UPDATE: Rating a new cereal from Kellogg's; Graeter's Ice Cream coming to Price Chopper
The Kellogg Company celebrated National Caramel Day last week by debuting a new cereal in its Crunchy Nut line — this one called Caramel Nut.
It joins Roasted Nut & Honey and Golden Honey Nut in the Kellogg’s Crunchy Nut line now available nationally.
Here’s part of what the company said in the announcement:
“You say ‘car-a-mel,’ I say ‘car-mel.’ No matter how you pronounce it, April 5 is National Caramel Day and Kellogg’s is celebrating with the launch of the new Crunchy Nut Caramel Nut cereal. Featuring the deliciously-irresistible combination of sweet caramel flavor and real roasted peanuts on crunchy flakes, Crunchy Nut Caramel Nut gives cereal lovers everywhere reason to celebrate.”
Well, as it turns out, we’ll be the judge of that.
I made this offer to one of the brand’s promoters. Send me a box and we’ll do a taste test.
He thought that was a fine idea and, on Wednesday, I passed out samples of the cereal to seven newsroom staffers at The Daily Gazette.
I invited them to try the cereal. I didn’t identify it in any way other than to say it was “a new cereal.”
I asked them to send me a brief note telling me what they thought of it.
The results were interesting. A couple of the taste testers thought the cereal was maple-flavored. One spoke of the “vanilla” flavor. One of them thought the milk I added to the cereal was almond milk or soy milk or some other variation. It was just homogenized cow’s milk.
One thought it was “sort of nutty” and another suggested it would have been nice if there were nuts, like slivered almonds. (The box describes the cereal as “caramel flavored corn flakes topped with roasted peanuts” and, indeed, the illustration shows bits of peanuts on each corn flake.)
The demographic of the taste test was as follows: All except one were over 40, and at least three of them were over 50. The youngest was in her 30s. (The youngest newsroom staffer invited to participate is twentysomething, and he declined, saying, “I don’t eat cereal.”
Here is what the rest of the panel said:
1. “I liked it. Sweet and crunchy. Tasted sort of nutty. Yum.”
2. “I am not a cereal eater so probably not a good one for a taste test. The reason I don’t like cereal is that it all tastes like sugar. Pretty much the only cold cereal I eat is homemade granola. That being said, whatever you gave me was nice and crunchy but so overwhelmingly sugary it made my head spin. And then I threw it away. The milk tasted nice, though.”
3. “Flakes stay very crunchy in milk. Almond milk? Soy milk? The milk had its own taste, but is overwhelmed by sweetness. Not sure if the milk is sweetened or the cereal. Way too sweet for breakfast, but would probably make a good afternoon snack (better than a candy bar nutritionally, I would guess). In general, for my taste, way too sweet for anything, except maybe mixing the dry cereal flakes with unsweetened yogurt.”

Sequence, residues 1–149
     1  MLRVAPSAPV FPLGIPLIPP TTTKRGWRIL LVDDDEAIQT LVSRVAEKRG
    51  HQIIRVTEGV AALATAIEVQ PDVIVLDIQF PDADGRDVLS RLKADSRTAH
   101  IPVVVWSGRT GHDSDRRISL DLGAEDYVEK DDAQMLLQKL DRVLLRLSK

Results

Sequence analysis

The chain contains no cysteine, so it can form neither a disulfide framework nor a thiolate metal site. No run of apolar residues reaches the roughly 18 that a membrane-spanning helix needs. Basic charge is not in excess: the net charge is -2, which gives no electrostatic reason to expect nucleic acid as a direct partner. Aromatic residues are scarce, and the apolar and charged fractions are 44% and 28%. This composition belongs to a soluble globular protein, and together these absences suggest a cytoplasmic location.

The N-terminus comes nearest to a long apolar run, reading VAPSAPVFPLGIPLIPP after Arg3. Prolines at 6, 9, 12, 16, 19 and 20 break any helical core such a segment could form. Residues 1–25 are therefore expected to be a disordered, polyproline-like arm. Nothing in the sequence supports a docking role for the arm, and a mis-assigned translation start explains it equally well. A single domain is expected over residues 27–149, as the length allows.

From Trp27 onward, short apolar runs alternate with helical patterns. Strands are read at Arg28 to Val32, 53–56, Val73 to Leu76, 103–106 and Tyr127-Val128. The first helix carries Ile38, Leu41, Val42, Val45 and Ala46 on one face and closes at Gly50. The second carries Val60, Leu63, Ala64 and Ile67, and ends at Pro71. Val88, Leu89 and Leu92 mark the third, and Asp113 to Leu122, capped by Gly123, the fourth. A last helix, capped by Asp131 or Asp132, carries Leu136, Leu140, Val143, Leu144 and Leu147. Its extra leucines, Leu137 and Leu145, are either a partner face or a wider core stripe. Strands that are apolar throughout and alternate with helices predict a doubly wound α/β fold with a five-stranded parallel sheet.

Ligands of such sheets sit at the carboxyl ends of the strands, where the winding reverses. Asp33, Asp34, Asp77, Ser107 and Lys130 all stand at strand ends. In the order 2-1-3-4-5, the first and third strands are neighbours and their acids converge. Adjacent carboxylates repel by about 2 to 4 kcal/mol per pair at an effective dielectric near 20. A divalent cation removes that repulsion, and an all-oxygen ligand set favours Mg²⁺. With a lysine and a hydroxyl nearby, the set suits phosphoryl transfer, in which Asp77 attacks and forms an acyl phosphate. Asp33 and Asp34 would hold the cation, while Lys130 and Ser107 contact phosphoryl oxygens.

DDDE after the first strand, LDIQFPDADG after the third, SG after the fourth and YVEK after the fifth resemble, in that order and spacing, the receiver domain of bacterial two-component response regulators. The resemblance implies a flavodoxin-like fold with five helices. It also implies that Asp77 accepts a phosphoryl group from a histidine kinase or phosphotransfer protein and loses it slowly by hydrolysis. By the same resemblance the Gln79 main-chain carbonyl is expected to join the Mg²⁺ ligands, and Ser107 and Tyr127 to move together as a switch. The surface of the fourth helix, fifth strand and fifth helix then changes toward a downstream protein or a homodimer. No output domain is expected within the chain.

4. “I thought the cereal had a nice crunch and it didn’t get soggy in the time it took me to eat it. I liked the vanilla taste. It was a little sweet for me. I prefer cereals with minimal sugar.”
5. “I loved the cereal. It was crunchy ... not too sweet ... and the maple syrup flavor gave it a warm and comforting taste.
It tasted like corn flakes with maple syrup. I would have loved it more if it had some nuts in it ... like slivered almonds to add texture.”
6. “Liked the sweet taste ... and can see buying it. Like it much better than, say, Frosted Flakes, which is far too sweet.”
7. “I love cereal, and I love maple, but I have never been a fan of the two together. The cereal was crunchy enough (not as tough as Product 19) not as crumbly as Special K, but the taste was too sweet for me. I also didn’t like the colored milk that was left; I felt like I was eating Cocoa Krispies again.”
What conclusions can we draw from all of this? Kellogg’s version of caramel tastes like maple, or maybe vanilla, which isn’t that far-fetched. There’s the possibility that Kellogg’s new cereal might be aimed at a younger demographic.
And on a related topic, a recent survey commissioned by Kellogg’s found out that how we say “caramel” — with three syllables or two, as in “car-mel,” — is affected by where we live.
In the Southern-Atlantic region, most people surveyed strongly prefer the “car-a-mel” pronounciation (69 percent). In the Midwest, there is a slight preference for the two-syllable pronunciation of “car-mel.”
In the West, the split is nearly even between “car-mel” (45 percent) and “car-a-mel” (55 percent), and along the East Coast, the preference is decidedly “car-a-mel” (69 percent).
Price Chopper to carry Graeter's Ice Cream
Graeter’s Ice Cream — perhaps better known as Oprah’s favorite ice cream — is coming to Price Chopper supermarkets, according to their Texas-based ad agency.
One of our newsroom colleagues assures us that Graeter’s — notably their Black Raspberry Chocolate Chip — is the best ice cream he’s ever sampled.
Other fans include celebrity chefs Emeril Lagasse and Bobby Flay.
Graeter’s is based in Cincinnati and is family owned. Their ice cream production involves the French pot process in which only two gallons at a time are made and all-natural ingredients are used. The result is a dense, creamy texture.
Graeter’s Ice Cream also can be purchased online at the company’s website which is HERE.
Price varies, depending on where they ship to, and ranges from $60-$80 for six pints to $90-$120 for 12 pints.